At LIU Post in Brookville, nearly all classes have been offered in-person this academic year, and that likely will continue "as more Americans become vaccinated," chief administrative officer Joseph Schaefer said in a statement. The university, he said, would continue to coordinate with state and county health departments and "shape our plans based on real-world conditions and the guidance of public health experts."

This past fall, LIU Post was forced to switch to virtual instruction for two weeks after a COVID-19 outbreak among its students. But most local colleges have largely avoided outbreaks, though they have been seen on other campuses nationwide.

Guarded optimism at SUNYs

The SUNY campuses are evaluating their plans for the fall, including SUNY Old Westbury, where spokesman Michael Kinane said no firm decision is in place, although there likely will be more face-to-face instruction than the current 10%.

Stony Brook University is planning to operate primarily in-person this fall, consistent with state and federal public health and SUNY guidance, officials there said. The school is gradually returning to more in-person operations this spring, with 4,500 students living on campus and about a quarter of classes offered in-person or in hybrid modes.

"We have demonstrated that we know how to operate safely in person with low positivity rates," the university said in a statement, adding that the recent news of widely available vaccines by the end of May for all American adults "further supports our planning for primarily in-person operations this fall."

SUNY Albany administrators released a letter Monday announcing "plans to resume in-person instruction as our primary mode of course delivery" in the fall, and that sign-up for on-campus residence halls and apartments had begun.

Provost Carol H. Kim and Michael N. Christakis, vice president for student affairs, added that the shift back to "regular in-person instruction this fall" would be guided by federal and state public health guidelines, and that "Compliance with surveillance testing, mask-wearing and expanded vaccine availability will continue to be essential elements for the health and safety of our campus community."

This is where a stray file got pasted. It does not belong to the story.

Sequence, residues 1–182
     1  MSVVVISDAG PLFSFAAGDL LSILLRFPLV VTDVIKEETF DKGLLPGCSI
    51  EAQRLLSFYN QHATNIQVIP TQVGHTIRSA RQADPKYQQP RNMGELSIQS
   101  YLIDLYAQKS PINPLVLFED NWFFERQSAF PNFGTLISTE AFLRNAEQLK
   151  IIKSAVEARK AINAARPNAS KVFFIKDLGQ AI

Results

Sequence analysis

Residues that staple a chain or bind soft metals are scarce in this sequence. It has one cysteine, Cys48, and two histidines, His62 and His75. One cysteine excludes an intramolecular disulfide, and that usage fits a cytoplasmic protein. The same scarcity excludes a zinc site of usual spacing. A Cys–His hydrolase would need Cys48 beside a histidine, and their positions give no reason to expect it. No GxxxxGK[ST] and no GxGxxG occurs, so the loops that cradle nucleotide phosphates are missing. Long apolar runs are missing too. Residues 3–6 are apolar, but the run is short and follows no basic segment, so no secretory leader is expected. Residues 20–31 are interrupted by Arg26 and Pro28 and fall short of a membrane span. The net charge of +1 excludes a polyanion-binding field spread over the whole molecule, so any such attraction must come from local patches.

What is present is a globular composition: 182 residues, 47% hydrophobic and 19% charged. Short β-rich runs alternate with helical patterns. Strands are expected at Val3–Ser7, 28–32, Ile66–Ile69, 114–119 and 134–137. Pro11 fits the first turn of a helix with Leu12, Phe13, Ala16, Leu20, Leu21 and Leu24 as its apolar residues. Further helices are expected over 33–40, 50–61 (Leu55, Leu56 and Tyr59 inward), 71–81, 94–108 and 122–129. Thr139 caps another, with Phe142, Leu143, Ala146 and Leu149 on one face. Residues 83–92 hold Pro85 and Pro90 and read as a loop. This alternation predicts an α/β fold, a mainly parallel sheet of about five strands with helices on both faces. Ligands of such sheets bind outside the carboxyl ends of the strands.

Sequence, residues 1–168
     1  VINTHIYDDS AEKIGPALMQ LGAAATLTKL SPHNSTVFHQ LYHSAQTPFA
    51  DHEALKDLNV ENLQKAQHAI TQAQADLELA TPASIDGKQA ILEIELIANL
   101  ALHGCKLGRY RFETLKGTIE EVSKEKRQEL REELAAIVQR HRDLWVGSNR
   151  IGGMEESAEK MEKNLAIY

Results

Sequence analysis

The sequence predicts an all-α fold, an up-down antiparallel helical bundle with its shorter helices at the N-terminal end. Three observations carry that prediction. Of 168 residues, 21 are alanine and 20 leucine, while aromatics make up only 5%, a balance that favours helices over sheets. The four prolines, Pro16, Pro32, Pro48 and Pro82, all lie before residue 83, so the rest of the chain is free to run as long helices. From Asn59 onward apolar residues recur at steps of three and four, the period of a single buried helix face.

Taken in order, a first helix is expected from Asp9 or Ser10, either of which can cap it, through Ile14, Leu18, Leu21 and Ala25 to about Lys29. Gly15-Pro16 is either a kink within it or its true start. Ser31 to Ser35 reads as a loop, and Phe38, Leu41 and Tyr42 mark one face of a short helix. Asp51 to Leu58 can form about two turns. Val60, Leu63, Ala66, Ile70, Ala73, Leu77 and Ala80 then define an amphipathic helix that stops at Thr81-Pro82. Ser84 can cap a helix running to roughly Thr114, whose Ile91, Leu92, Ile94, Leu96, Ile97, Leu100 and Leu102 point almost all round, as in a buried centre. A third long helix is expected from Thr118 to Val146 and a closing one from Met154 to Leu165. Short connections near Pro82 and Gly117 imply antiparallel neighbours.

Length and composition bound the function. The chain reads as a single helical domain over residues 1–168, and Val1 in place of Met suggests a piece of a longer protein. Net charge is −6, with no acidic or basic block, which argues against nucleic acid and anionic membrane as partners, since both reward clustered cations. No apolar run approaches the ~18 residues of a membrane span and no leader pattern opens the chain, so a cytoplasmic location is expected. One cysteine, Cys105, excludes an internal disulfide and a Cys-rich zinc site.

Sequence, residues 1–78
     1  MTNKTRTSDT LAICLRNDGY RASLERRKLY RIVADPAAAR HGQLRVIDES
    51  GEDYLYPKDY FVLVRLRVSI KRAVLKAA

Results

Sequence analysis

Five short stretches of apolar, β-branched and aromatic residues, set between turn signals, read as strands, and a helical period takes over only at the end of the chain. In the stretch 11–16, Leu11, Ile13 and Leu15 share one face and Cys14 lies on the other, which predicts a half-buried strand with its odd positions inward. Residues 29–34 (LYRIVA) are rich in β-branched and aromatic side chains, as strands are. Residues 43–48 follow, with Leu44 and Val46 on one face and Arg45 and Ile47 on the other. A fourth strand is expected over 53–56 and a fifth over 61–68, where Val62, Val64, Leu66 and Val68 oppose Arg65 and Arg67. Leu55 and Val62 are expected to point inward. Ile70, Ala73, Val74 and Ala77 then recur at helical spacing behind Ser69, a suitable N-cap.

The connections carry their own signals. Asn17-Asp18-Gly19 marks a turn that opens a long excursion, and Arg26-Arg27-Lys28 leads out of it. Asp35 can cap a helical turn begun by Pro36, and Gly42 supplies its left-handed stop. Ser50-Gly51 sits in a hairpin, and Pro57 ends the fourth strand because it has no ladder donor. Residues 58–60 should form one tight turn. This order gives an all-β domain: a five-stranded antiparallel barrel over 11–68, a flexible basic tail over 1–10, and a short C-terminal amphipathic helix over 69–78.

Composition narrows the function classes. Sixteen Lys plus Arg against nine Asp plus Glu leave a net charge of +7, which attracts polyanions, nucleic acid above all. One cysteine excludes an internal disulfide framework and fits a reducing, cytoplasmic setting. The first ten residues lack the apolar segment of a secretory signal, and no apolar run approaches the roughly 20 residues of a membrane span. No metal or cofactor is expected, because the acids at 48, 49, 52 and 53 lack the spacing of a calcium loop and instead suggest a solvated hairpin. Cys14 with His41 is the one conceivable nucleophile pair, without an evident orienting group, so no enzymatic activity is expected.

Holly Liapis, a SUNY spokeswoman, said the central SUNY administration would provide guidelines and approve campus plans closer to the fall in light of conditions then. There are 64 SUNY campuses statewide.

"As we get closer, and we know more about what COVID may do next, we will plan for the fall based on the expertise of federal, state, and SUNY public health officials at the time," she said.

Meanwhile, the focus remains on keeping campuses safe five weeks into the spring semester. "To date, we have administered well over 1.2 million tests and our positive rate is at 0.53%, a good outcome that we want to see continue," Liapis said.

"We’re looking forward to turning the page and getting more of our students back on campus. But there is still a lot of work to do and planning to be done. The chancellor will work with our presidents and campus stakeholders on a fall 2021 plan and any contingencies campuses may need to take."